Gastrointest Endosc 2005 Jun;61(7):891-6
Department of General, Visceral and Vascular Surgery, Faculty of Medicine, Otto von Guericke University Magdeburg, Magdeburg, Germany.
Background: Surgery, as well as conservative treatment, in patients with clinically apparent intrathoracic esophageal anastomotic leaks often is associated with poor results and carries a high morbidity and mortality. The successful treatment of esophageal anastomotic insufficiencies and perforations when using covered, self-expanding metallic stents is described.
Methods: The feasibility and the outcome of endoscopic treatment of intrathoracic anastomotic leakages when using silicone-covered self-expanding polyester stents were investigated. Twelve consecutive patients presented with clinically apparent intrathoracic esophageal anastomotic leak caused by resection of an epiphrenic diverticulum (n = 1), esophagectomy for esophageal cancer (n = 9), or gastrectomy for gastric cancer (n = 2), were endoscopically treated in our department. The extent of the dehiscences ranged from about 20% to 70% of the anastomotic circumference. After endoscopic lavage and debridement of the leakage at 2-day intervals (mean duration, 8.6 days), a large-diameter polyester stent (Polyflex; proximal/distal diameters 25/21 mm) was placed to seal the leakage. Simultaneously, the periesophageal mediastinum was drained by chest drains.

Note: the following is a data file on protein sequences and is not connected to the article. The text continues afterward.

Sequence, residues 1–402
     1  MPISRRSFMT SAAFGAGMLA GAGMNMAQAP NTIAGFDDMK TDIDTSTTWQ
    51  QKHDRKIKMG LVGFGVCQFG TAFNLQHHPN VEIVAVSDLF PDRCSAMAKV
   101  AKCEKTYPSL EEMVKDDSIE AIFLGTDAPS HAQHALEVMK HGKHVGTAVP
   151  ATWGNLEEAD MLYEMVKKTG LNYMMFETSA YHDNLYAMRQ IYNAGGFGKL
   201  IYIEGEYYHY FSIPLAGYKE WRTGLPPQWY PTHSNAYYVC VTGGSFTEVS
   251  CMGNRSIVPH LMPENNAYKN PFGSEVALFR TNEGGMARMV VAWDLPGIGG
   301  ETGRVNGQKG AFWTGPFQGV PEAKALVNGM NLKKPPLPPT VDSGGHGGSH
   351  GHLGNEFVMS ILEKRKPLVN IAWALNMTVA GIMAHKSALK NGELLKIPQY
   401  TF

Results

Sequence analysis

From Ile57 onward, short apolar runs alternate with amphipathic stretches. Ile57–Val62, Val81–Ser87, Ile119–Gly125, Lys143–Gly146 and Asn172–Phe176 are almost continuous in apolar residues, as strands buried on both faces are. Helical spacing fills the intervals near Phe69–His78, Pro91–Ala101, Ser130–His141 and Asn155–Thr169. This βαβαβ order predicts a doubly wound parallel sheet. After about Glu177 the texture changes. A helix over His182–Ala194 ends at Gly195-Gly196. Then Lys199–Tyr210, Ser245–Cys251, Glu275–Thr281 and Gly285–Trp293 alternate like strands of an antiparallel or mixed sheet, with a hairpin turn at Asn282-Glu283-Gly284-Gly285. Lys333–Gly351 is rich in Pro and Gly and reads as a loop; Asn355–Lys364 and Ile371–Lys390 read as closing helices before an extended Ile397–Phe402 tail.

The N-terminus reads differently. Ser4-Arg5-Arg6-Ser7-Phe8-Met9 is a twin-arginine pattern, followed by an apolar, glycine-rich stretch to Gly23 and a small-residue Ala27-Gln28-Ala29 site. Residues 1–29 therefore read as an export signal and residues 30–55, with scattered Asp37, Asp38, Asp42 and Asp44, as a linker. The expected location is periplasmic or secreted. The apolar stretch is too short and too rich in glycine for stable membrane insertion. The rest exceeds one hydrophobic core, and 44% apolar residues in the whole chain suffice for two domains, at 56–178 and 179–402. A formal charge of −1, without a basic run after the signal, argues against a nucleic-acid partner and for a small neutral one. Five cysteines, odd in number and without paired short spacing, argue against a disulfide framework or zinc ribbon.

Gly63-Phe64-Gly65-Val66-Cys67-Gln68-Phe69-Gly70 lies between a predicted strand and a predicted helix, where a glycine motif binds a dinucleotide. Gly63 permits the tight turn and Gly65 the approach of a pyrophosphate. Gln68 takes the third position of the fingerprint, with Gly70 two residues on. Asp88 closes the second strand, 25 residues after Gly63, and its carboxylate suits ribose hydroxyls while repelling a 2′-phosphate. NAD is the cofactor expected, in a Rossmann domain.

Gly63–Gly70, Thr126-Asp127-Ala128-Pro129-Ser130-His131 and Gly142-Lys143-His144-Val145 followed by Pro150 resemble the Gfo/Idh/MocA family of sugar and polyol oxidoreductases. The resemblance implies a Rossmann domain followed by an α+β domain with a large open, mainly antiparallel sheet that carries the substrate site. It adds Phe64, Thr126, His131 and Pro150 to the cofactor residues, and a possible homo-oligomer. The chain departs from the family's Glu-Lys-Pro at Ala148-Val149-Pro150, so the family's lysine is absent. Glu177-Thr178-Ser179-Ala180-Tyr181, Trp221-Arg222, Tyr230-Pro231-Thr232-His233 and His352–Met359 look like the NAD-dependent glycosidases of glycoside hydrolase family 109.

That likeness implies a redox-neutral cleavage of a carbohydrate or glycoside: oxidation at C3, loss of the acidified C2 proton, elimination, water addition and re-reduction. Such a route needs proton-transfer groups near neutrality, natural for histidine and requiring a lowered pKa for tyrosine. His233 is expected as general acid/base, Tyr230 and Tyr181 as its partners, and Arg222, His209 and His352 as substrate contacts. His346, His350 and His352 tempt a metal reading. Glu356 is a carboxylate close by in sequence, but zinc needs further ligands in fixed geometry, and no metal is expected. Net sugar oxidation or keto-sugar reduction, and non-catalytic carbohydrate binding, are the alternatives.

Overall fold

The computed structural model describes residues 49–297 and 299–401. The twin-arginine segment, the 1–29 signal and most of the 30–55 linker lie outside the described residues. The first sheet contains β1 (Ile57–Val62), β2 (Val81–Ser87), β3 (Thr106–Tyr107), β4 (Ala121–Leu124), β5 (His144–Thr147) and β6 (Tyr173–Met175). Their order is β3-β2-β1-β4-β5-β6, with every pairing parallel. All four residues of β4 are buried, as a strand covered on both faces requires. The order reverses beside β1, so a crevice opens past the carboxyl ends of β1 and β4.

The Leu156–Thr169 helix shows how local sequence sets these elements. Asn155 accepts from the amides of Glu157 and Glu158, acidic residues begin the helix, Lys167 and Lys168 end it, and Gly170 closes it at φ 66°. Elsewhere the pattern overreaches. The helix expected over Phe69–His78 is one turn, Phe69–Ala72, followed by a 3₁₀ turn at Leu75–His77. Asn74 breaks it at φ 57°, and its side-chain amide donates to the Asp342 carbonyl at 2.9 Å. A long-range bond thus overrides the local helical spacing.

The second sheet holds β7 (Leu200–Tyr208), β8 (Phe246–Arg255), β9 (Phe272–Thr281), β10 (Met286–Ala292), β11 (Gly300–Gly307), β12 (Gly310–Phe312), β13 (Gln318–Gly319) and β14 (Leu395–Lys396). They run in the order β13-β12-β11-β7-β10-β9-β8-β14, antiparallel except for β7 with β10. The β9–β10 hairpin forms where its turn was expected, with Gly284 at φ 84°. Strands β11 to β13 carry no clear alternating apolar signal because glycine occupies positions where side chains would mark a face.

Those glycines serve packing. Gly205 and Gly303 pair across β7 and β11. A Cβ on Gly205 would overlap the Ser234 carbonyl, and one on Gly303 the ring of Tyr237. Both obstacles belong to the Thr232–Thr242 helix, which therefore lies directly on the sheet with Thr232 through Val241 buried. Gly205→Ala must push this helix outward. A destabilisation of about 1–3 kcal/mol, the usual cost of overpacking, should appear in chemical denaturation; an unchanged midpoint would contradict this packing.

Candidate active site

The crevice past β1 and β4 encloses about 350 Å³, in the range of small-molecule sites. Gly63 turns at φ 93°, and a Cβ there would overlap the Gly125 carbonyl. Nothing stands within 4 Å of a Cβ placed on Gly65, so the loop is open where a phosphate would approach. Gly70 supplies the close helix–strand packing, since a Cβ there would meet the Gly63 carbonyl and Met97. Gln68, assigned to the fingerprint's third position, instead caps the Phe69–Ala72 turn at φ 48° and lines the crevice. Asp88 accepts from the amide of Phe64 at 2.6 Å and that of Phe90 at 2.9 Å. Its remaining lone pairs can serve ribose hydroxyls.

Observations: All 12 patients were successfully treated endoscopically without the need for reoperation. A complete closure of the leakage was obtained in 11 of 12 patients after stent removal (median time to stent retrieval, 4 weeks, range 2-8 weeks). In one patient, a persistent leak was sealed endoscopically after stent removal by using 3 clips. Distal stent migration was obtained in two patients.
Conclusions: The placement of silicone-covered self-expanding polyester stents seems to be a successful minimally invasive treatment option for clinically apparent intrathoracic esophageal anastomotic leaks.